Salman Rushdie Attacker Identified, as IRGC Makes Threat Against Trump, Bolton

(Chris Young/The Canadian Press via AP, File)

As we reported earlier, author Salman Rushdie was stabbed on Friday morning in Chautauqua, New York where he was about to give a lecture. He was on stage when a man dressed in black rushed onto the stage and began stabbing and beating him.

That man has now been identified as Hadi Matar, 24, of Fairview, New Jersey.

He was taken down by people in the audience and then arrested.

His Facebook had a lot of Iranian connections with pictures of the Ayatollah and Qasem Soleimani. According to the NY Post, Matar made posts in support of Iran and its Revolutionary Guard, and in support of Shi’a extremism more broadly.

Rushdie was stabbed in the neck and in the abdomen. He was airlifted to the hospital where he was undergoing surgery.

The doctor who was in the audience and attended to him on the stage, Dr. Martin Haskell, described the wounds as “serious but recoverable,” which is good news.

Event moderator Henry Reese, 73, a co-founder of an organization that offers residencies to writers facing persecution, was also attacked. Reese suffered a facial injury and was treated and released from a hospital, police said. He and Rushdie were due to discuss the United States as a refuge for writers and other artists in exile.

A state trooper and a county sheriff’s deputy were assigned to Rushdie’s lecture, and state police said the trooper made the arrest. But after the attack, some longtime visitors to the center questioned why there wasn’t tighter security for the event, given the decades of threats against Rushdie and a bounty on his head offering more than $3 million for anyone who kills him.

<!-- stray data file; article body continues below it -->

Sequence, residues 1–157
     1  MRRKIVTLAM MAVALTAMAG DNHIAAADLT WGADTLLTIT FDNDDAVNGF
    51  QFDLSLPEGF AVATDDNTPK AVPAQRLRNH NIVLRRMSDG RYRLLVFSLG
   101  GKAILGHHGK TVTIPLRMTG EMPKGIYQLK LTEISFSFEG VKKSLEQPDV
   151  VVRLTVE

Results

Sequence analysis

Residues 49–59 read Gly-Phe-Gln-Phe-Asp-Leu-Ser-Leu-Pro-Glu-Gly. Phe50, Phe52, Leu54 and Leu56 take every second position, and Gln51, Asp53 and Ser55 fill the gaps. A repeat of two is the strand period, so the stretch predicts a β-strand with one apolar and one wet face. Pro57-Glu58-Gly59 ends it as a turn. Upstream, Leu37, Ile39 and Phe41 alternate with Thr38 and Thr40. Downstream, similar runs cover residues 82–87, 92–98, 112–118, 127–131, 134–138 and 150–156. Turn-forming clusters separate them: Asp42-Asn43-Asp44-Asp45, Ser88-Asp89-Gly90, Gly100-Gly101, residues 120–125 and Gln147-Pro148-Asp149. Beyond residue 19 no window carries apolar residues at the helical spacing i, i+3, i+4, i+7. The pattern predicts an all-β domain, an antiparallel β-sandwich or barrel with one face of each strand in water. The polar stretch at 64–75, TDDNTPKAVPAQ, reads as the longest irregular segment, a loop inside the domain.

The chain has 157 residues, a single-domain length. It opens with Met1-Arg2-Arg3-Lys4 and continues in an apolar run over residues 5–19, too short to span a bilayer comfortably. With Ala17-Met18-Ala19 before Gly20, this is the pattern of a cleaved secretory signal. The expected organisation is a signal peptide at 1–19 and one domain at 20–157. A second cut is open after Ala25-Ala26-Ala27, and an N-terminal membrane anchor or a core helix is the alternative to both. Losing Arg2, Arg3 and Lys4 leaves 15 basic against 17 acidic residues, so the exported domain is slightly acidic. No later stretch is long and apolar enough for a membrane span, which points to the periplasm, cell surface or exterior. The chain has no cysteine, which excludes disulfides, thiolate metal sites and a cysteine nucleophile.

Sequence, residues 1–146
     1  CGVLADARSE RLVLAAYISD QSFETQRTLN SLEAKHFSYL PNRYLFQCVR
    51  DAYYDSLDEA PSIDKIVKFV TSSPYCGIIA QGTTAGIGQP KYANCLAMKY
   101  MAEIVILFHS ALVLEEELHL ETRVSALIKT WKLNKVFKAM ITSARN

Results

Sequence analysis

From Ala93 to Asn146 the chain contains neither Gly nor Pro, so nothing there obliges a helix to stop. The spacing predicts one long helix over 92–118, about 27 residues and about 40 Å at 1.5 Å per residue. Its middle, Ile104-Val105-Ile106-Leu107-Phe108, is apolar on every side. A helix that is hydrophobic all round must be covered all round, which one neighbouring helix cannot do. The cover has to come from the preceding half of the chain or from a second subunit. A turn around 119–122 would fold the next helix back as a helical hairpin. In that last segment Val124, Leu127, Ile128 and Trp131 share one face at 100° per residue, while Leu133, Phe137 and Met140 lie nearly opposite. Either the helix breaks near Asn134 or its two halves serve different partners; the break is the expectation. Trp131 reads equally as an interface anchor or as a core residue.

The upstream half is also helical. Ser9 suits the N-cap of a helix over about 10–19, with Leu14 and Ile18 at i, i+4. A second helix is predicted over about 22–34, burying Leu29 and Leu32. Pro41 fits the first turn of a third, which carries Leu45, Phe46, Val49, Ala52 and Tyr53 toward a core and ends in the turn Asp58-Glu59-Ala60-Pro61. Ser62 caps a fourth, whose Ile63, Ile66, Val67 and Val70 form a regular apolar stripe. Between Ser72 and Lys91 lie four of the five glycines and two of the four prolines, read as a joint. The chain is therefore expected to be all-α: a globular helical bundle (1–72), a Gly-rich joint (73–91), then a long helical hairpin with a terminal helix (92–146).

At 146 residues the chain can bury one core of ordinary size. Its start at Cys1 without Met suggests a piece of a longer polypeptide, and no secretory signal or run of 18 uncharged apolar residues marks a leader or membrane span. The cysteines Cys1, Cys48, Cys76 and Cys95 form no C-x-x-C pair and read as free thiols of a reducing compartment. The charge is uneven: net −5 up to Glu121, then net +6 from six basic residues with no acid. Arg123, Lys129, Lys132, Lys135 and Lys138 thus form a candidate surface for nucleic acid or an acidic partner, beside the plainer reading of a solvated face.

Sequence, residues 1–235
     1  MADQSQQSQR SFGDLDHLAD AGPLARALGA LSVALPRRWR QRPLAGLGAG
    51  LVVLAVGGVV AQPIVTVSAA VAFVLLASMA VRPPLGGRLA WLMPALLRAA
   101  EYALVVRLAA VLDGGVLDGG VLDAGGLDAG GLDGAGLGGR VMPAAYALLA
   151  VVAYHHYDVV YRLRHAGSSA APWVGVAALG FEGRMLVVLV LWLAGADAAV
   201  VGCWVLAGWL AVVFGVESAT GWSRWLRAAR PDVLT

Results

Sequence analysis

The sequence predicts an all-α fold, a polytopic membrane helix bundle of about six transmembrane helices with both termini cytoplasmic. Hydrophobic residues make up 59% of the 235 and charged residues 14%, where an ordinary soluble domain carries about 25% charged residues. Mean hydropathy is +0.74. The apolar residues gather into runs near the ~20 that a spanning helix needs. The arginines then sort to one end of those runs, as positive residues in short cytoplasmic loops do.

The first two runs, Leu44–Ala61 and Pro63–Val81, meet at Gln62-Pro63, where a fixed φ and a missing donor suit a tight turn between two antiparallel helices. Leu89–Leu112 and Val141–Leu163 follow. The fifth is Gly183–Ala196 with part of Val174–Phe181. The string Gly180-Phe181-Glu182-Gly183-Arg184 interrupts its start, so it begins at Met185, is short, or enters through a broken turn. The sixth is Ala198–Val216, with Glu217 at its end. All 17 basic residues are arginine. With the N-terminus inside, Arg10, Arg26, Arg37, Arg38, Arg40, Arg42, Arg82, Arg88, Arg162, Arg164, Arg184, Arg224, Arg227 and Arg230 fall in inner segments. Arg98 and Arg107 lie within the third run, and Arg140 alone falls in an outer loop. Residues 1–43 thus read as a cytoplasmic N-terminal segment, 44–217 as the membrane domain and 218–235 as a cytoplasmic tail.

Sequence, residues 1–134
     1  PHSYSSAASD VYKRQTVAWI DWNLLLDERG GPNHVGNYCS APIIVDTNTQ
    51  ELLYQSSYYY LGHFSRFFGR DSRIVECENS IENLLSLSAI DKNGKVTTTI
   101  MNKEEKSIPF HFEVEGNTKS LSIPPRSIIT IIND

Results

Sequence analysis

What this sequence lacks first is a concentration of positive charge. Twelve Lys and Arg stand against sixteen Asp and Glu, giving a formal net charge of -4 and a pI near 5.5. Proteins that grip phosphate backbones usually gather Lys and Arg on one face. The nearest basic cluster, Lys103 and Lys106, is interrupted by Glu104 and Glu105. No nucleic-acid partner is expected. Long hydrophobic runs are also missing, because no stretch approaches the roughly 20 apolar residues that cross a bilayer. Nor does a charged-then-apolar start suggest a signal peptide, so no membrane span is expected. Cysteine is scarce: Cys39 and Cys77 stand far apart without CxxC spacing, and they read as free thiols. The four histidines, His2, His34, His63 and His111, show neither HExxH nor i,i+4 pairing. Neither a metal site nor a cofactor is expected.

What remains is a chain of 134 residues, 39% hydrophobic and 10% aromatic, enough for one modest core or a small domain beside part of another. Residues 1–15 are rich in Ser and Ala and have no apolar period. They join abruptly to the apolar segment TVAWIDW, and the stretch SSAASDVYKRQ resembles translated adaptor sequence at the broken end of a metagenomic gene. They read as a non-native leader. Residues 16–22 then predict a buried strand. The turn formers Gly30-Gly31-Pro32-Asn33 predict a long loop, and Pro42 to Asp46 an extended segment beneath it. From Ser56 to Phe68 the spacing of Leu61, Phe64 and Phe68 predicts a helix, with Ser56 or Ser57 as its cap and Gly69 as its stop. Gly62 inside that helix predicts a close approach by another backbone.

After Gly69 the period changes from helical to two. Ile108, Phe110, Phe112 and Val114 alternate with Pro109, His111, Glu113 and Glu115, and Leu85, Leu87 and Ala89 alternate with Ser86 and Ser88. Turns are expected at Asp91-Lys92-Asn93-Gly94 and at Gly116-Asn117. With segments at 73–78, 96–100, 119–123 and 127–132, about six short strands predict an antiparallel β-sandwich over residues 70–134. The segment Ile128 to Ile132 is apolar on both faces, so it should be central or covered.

The Ayatollah Ruhollah Khomeini declared a fatwa in 1989, calling for Rushdie’s death for writing his book, “The Satanic Verses,” which the Ayatollah declared blasphemous. Iran’s present “Supreme Leader” Ayatollah Khameini reminded everyone in 2019 the fatwa was still on.

There is currently a $3.3 million bounty on Rushdie’s head. He went into hiding for years because of it and had security, but in the last several years has been going without security. He said that the only way you defeat terrorism is “by deciding not to be afraid.”

At least 45 people were killed in riots over the book, including 12 people in Rushdie’s hometown of Mumbai. In 1991, a Japanese translator of the book was stabbed to death and an Italian translator survived a knife attack. In 1993, the book’s Norwegian publisher was shot three times and survived.

The IRGC also has acknowledged the attack and threatened both President Donald Trump and John Bolton “even if many years pass.”

The fatwa is older than the attacker.

A couple of days ago, we reported on the charging of Iranian operative who plotted to kill Bolton. IRGC also hates Trump because he took out Qasem Soleimani.

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